Graduating senior finds her scholarly passion in East Asia
Alexis Dale-Huang focused her undergraduate scholarship in East Asia and security studies, garnering both a Boren Scholarship and a Carnegie Junior Fellowship to deepen her engagement with China. Photos by Mike Glier.

Graduating senior finds her scholarly passion in East Asia

Coursework in international relations and East Asian area studies — plus prestigious international scholarships — have led Alexis Dale-Huang around the world and now across the USC graduation stage.
ByLaura Paisley

It was late evening and Alexis Dale-Huang had just arrived in Beijing. After a long day of travel, she was settling in to her dorm room. All she wanted was to take a hot shower, but a towel was nowhere to be found.

Dale-Huang had come to China as a junior for an intensive language program, committed to speaking no English for a month. She knew she needed to deploy her rusty language skills.

“I had to go out and ask someone where I could get a towel, so I had to learn how to say ‘towel’ in Mandarin,” the graduating senior recounted, laughing. “I then went to go find the security guard outside the gates and asked, ‘How do I get to this grocery store?’ But I couldn’t understand him, because his accent was really heavy. That was the moment when I realized, this is going to be a real challenge.”

But she wasn’t deterred. Her enthusiasm for her studies at USC Dornsife — she has a double major in international relations and East Asian area studies with a focus on China — was a great motivation to improve her command of Mandarin.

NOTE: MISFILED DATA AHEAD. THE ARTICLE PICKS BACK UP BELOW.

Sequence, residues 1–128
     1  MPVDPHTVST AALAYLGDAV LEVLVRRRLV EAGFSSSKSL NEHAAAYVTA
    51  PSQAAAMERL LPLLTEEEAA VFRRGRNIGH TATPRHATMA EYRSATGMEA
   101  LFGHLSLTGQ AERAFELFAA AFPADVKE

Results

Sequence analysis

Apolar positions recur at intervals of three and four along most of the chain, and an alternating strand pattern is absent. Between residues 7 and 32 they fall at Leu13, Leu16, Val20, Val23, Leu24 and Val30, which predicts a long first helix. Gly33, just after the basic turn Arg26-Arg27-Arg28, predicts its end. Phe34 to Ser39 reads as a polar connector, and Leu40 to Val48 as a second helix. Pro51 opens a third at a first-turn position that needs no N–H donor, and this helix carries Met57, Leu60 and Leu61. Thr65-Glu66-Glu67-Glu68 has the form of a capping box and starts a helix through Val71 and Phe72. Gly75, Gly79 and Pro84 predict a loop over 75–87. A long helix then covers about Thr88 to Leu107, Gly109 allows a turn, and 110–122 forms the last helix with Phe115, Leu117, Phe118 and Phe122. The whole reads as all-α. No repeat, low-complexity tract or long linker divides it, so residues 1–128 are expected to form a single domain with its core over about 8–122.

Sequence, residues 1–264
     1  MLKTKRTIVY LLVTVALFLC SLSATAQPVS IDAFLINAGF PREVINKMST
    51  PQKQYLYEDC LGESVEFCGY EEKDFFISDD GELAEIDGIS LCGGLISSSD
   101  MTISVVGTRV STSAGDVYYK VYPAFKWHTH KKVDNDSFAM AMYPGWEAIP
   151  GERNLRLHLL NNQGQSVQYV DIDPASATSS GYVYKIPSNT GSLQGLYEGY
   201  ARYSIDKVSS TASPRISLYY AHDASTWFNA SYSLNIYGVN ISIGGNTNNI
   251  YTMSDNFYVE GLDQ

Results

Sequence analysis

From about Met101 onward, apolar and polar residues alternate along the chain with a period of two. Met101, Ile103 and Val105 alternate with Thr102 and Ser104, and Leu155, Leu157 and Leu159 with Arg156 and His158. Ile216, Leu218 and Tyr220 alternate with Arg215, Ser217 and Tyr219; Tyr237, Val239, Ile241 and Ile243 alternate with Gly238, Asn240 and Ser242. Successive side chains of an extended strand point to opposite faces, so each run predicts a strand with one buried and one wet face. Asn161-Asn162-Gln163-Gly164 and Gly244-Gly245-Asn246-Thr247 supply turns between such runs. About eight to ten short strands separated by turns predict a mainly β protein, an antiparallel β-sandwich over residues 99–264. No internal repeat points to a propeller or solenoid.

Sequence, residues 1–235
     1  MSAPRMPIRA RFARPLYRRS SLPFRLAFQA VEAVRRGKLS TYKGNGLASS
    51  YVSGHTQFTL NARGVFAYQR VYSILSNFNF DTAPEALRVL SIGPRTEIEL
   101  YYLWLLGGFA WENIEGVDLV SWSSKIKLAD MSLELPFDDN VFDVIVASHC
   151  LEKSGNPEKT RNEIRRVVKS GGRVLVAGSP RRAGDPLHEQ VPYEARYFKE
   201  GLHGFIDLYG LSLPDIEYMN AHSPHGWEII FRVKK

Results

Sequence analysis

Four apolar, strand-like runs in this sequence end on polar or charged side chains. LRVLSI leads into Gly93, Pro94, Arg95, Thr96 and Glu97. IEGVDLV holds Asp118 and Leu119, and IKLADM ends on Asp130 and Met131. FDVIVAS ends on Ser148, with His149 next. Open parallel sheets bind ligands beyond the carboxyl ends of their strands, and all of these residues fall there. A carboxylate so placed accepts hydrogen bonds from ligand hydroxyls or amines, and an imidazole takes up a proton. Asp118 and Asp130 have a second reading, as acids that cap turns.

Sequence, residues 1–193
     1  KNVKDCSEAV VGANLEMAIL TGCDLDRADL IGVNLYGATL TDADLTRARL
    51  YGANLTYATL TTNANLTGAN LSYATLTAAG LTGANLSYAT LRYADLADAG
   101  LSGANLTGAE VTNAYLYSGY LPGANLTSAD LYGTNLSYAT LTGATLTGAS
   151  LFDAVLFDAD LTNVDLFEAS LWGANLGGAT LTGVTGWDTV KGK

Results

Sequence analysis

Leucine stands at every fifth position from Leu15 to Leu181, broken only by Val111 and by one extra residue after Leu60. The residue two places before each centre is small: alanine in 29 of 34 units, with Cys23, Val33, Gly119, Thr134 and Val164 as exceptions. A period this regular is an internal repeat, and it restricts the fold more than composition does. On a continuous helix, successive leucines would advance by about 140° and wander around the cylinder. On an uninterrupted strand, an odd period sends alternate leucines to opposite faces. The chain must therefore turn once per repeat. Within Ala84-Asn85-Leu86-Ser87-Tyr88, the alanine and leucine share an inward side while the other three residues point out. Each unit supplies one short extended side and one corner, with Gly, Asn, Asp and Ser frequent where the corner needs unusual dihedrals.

She had learned some of the language growing up. Her father, who is from Taiwan, and her mother, an American, are both fluent in Mandarin. Her mother especially encouraged Dale-Huang to learn the language and culture, celebrating Chinese holidays in their home in Millbrae, Calif.

Dale-Huang attended a predominately Asian and Asian-American high school, so as a teenager, she had further incentive to learn Chinese: She wanted to understand what her peers were talking about between classes.

By the time she came to USC and chose concentrations in East Asia and security studies, however, she wanted a stronger grasp on the language to help her academically.

Turning an interest into an opportunity

Landscape Right

Dale-Huang was able to do academic programs in Washington, D.C., Singapore and three major cities in China. This fall she begins her post in the nation’s capital as the Carnegie Junior Fellow for China.

Learning about various scholarship opportunities with the help of Professor of International Relations Steven Lamy, Dale-Huang applied to travel to China on a Boren Scholarship. To her surprise, she won the prestigious award. The scholarship, administered by the National Security Education Program, sends undergraduates from the United States overseas to learn languages in regions critical to U.S. security interests.

Per Boren Scholarship guidelines, Dale-Huang spent nine months in China as a junior, with the time divided into three parts. After the intensive language program in Beijing, she attended the semester-long USC Shanghai program followed by another language-intensive session in Kunming that summer.